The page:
“The nuclear weapons test announced by North Korea undermines regional and international security, and is in clear breach of UN Security Council resolutions. I condemn the continued development by North Korea of nuclear weapons and ballistic missile programs and its inflammatory and threatening rhetoric,” Stoltenberg said in the statement Wednesday. “I call on North Korea to fully respect its international obligations and commitments. North Korea should abandon nuclear weapons and existing nuclear and ballistic missile programs in a complete, verifiable and irreversible manner, and engage in credible and authentic talks on denuclearization.”
Russia’s Foreign Ministry said North Korea’s claims of a fourth nuclear test had not yet been independently confirmed and called on “all interested sides to preserve maximum restraint and to not take actions that could rouse the uncontrolled growth of tensions in Northeast Asia,” according to the Associated Press. The U.N. Security Council is slated to meet in New York at 11 a.m. EST Wednesday to discuss North Korea’s claims.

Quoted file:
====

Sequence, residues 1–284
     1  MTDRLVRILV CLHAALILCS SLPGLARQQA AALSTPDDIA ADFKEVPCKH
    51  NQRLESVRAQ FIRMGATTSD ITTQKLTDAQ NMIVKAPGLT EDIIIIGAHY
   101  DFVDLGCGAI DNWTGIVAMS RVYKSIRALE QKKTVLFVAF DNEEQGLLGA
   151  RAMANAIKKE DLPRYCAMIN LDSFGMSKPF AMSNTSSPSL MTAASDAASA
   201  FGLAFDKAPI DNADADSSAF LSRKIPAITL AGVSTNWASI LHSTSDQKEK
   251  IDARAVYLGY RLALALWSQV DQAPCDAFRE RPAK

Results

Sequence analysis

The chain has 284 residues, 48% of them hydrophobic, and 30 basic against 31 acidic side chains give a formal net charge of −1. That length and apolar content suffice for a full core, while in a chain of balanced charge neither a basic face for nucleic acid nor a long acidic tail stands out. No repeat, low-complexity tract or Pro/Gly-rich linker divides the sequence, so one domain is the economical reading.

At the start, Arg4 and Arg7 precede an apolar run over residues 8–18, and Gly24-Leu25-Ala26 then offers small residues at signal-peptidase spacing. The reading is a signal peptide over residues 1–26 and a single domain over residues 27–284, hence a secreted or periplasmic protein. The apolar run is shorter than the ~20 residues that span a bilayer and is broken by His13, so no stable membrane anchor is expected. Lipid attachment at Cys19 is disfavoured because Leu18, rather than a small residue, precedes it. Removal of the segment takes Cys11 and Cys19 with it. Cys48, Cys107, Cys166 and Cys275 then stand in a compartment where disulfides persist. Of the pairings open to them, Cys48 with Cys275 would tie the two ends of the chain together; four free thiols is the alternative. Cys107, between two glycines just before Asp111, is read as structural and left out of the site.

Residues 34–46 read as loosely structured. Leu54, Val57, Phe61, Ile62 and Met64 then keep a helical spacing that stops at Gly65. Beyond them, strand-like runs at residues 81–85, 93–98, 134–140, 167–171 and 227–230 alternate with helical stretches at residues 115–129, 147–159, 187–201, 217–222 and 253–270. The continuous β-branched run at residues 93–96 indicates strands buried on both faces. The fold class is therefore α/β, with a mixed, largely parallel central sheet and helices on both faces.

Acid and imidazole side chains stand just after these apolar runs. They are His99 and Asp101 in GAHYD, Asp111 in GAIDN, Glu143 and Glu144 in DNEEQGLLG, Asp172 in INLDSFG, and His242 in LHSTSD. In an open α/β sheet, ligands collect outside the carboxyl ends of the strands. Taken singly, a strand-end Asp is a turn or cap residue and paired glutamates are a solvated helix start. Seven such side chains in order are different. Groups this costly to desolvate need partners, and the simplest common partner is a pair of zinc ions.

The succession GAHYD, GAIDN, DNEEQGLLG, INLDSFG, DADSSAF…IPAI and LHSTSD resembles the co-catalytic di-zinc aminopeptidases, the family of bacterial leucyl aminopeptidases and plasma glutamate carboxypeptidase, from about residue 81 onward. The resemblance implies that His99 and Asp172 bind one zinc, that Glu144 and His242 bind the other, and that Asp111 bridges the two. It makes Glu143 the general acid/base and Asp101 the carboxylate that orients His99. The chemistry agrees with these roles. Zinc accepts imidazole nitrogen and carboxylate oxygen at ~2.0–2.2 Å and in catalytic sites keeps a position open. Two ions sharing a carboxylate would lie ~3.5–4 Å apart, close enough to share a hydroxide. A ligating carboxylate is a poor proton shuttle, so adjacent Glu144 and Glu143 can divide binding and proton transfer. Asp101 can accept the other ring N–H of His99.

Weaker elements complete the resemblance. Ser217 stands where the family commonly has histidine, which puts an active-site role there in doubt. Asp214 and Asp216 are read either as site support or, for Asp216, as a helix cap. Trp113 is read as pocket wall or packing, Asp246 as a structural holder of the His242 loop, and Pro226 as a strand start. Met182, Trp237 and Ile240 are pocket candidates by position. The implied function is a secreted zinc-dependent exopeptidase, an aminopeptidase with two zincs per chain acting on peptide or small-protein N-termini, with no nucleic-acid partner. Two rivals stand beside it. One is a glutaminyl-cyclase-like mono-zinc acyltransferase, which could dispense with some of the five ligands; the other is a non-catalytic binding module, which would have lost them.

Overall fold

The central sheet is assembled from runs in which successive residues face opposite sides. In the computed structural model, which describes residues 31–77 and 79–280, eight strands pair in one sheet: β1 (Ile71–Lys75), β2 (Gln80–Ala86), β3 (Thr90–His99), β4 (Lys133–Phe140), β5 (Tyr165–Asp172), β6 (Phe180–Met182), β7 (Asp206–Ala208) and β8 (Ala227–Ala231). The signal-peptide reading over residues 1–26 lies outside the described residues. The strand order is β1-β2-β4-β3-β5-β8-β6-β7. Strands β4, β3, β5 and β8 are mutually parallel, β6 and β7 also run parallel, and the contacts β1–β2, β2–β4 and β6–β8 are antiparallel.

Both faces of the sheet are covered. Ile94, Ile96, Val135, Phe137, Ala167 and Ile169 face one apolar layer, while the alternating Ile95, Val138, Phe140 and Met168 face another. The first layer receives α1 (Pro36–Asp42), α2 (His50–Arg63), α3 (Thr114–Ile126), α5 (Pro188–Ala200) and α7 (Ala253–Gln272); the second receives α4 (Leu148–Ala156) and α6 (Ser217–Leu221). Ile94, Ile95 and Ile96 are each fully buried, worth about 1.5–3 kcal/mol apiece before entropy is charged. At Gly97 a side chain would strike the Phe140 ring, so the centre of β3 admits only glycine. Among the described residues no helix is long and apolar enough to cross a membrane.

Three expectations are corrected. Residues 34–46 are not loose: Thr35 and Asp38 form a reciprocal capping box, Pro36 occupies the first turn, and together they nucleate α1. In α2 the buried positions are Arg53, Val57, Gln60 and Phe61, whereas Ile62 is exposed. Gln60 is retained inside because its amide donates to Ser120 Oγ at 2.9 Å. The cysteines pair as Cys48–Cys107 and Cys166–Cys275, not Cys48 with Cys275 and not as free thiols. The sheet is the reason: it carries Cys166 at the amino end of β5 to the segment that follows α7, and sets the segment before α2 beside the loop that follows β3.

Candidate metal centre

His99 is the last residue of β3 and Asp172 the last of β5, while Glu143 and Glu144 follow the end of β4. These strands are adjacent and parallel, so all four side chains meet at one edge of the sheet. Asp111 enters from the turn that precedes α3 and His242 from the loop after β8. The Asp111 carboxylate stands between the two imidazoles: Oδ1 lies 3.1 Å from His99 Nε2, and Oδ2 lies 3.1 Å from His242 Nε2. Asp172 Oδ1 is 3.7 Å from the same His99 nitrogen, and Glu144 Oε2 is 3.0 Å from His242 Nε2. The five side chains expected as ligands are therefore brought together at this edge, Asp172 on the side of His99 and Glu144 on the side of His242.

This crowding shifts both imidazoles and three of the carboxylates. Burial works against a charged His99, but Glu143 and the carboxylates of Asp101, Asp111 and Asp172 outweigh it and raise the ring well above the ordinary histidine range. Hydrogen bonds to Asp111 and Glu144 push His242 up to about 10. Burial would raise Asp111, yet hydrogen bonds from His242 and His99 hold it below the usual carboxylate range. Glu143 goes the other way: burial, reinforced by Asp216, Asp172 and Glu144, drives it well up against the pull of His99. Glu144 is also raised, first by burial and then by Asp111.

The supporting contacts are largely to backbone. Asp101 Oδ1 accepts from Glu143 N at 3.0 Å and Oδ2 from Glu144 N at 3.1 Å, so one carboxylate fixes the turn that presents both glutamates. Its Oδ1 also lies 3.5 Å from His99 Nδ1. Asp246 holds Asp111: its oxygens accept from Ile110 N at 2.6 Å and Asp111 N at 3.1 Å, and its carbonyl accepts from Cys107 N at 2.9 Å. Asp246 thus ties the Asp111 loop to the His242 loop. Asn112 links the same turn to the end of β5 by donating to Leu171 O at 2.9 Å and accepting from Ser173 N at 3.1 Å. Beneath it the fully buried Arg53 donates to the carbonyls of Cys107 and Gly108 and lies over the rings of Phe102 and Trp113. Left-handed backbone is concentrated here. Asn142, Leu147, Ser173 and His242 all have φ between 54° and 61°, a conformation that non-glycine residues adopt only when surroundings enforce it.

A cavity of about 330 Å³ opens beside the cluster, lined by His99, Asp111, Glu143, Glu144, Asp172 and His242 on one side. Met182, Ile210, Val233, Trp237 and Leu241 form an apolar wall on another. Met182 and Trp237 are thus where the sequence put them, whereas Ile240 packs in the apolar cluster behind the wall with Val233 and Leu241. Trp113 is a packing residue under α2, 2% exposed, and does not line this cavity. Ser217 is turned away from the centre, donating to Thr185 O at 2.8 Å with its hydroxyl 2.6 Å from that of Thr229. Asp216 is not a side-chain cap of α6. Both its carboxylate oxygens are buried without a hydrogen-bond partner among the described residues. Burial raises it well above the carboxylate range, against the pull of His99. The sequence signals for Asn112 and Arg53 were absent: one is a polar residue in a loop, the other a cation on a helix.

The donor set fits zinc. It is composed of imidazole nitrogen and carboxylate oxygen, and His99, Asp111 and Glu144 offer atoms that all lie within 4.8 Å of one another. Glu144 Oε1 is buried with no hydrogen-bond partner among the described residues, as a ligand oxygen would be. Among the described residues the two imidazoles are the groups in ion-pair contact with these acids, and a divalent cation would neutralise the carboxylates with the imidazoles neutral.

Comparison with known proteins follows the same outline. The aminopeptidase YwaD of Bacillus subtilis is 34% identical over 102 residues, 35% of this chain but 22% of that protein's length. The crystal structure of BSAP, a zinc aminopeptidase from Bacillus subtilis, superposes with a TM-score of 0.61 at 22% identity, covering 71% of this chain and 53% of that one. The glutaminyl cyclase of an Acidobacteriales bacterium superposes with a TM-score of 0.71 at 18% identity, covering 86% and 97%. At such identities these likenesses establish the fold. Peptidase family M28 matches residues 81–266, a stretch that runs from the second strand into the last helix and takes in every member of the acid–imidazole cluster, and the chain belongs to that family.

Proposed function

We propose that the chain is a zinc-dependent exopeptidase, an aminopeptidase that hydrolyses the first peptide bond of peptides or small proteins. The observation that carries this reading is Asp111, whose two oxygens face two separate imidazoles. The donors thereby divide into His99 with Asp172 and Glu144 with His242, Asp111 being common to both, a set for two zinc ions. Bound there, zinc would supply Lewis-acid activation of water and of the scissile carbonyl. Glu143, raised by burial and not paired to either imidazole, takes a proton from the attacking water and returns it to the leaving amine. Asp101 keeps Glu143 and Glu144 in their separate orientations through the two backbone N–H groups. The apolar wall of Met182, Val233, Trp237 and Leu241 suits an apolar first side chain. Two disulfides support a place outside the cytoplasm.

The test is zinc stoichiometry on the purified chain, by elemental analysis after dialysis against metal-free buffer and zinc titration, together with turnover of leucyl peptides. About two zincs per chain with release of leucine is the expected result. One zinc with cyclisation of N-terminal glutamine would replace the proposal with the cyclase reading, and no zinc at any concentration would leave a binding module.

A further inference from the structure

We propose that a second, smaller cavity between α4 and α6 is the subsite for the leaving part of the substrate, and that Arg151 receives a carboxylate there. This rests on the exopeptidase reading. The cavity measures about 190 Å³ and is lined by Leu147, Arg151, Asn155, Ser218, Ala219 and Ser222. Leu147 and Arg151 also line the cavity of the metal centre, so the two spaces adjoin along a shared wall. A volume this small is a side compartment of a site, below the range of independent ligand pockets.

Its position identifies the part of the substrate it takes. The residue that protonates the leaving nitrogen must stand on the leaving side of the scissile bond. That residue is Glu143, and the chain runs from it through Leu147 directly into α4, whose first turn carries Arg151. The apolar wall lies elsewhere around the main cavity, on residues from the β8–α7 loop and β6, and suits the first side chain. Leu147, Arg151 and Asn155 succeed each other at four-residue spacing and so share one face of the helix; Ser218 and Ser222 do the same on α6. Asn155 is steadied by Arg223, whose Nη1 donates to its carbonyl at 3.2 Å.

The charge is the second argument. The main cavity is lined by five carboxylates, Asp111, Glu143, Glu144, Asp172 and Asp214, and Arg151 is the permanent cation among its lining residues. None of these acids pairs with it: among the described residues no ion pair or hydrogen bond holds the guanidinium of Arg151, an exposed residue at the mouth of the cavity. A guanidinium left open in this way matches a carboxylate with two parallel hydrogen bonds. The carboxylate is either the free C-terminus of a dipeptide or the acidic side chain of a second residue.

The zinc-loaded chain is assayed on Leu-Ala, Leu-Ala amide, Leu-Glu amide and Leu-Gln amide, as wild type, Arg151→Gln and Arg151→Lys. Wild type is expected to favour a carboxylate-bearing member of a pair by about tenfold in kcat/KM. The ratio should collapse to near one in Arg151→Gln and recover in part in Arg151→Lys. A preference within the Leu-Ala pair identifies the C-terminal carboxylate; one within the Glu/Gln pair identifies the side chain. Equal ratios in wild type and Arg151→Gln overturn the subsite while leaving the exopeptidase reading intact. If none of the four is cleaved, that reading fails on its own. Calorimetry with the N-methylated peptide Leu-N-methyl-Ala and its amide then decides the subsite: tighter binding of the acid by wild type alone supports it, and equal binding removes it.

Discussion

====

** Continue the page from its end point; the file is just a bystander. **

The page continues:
A magnitude 5.1 artificial earthquake was detected close to Punggye-ri, North Korea’s only known nuclear test site. The United Nations confirmed it had detected “an unusual event in the Korean peninsula.” An announcement on North Korea’s state-owned TV station said the country had successfully tested a “miniaturized hydrogen bomb” underground Wednesday morning, calling it an “act of self-defense” against the United States.
South Korean lawmaker Lee Cheol Woo told reporters the country’s spy agency believes the earthquake was more likely caused by an atomic bomb, according to NBC News. Some experts agreed that Pyongyang may not have tested a hydrogen bomb, given the relatively small seismic wave reported.
"Given the scale, it is hard to believe this is a real hydrogen bomb," Yang Uk, a senior research fellow at the Korea Defense and Security Forum, told Reuters. "They could have tested some middle-stage kind [of device] between an A-bomb and H-bomb, but unless they come up with any clear evidence, it is difficult to trust their claim."